We had a pretty good idea what we wanted from a trip to Uzbekistan; pairing up with your local partners made it all so easy and took the hassle out of buying internal flight and rail tickets, entrance to sites and a night in a yurt camp. The guides where we needed them were excellent, same for the drivers. We were able to cover all our 'must sees', with a few things we probably couldn't have organised ourselves, like a home dinner. There was just enough down time to wander on our own and take it all in. 10 days isn't really long enough though and you definitely need time to process everything! It's a fascinating blend of culture, history, politics, religion, worth reading upon before you go!
Prompt response to emails in the planning process. Noted our preferences and made helpful suggestions re accommodation. Good communication with Olga! We felt reassured that they could be contacted at any time on the trip,but it wasn't intrusive in any way.
Nothing, they were great. Maybe just double check the time printed on the Afrosiab tickets as the actual train time was different to the itinerary provided and caused the driver to be waiting and worried we'd missed it!
All were excellent in their own way. The level of detail given sometimes felt a little overwhelming and dense, there's a limit to how much one can take in. Also, the repeated explanations about the Islamic religion felt a bit unnecessary, coming from London where Islam is widely practiced and understood, but that's a minor point. Our guide in Nurata, Ruslan, seemed a little off hand, not so attentive as the others; possibly the difference between a city and a rural guide, or perhaps because of a misunderstanding between him and the driver, in that we arrived there after a three and a half hour drive from Bukhara without lunch or toilet break and were expected to go straight into climbing the citadel of Alexander the Great. He spent a lot of time on the phone, we didn't know if this was personal or if he was trying to resolve the lunch issue.... anyway it was slightly awkward and in the end we skipped lunch but the driver bought some bread. It left us feeling that the Nurata stop was something that could be left off the itinerary, or managed a bit better.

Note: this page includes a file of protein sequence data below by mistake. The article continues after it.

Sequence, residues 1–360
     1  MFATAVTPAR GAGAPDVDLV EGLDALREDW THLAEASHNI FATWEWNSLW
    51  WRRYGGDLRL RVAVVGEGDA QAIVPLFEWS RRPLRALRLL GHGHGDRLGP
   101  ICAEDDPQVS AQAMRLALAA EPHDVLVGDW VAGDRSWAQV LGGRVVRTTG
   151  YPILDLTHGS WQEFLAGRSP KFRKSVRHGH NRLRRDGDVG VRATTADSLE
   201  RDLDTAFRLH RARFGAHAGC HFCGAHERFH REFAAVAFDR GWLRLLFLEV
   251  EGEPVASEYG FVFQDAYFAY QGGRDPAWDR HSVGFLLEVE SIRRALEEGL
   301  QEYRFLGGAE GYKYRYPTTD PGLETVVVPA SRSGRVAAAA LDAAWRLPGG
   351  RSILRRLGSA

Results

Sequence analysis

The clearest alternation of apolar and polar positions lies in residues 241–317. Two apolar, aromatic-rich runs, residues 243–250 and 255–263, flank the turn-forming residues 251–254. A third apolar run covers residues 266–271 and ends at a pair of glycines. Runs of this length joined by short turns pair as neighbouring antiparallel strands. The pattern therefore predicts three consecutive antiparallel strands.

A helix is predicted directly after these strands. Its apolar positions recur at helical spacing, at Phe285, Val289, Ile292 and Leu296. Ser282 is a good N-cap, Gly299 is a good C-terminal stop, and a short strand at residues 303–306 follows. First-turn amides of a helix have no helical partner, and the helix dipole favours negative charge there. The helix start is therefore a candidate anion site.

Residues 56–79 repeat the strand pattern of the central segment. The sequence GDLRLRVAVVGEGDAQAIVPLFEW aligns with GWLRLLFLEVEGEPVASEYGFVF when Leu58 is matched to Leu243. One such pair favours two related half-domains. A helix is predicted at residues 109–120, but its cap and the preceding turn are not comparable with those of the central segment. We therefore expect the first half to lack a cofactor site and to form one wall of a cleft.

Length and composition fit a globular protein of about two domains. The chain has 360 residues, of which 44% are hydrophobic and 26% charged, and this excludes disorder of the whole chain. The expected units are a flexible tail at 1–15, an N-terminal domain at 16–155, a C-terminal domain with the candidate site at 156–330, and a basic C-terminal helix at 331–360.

Make a slightly longer trip to make the most of a fascinating country rich with treasures and history. Book early to get the best accommodation, we loved all our hotels: The Ichan Qala was a welcome touch of luxury at the beginning and end of the trip, the Meros was full of character, especially having read Carpet Ride to Khiva, the Minzifa was the friendliest hotel with the best breakfast, the yurt was as expected, a bit tired but fine especially as there were no groups staying there, and the BibiKhanum in Samarkand was the perfect location and very comfortable. Be prepared to drink lots of vodka to aid digestion, lots of tea to keep you going, and count yourself lucky when you find a proper cup of coffee! Take comfy clothes, lots of layers and know that everyone else will be dressed in sequins and sparkles even if they're sweeping the road.
Being serenaded round the fire in the stillness and darkness of the yurt camp, with a post plov vodka, before heading to bed at 8.30pm!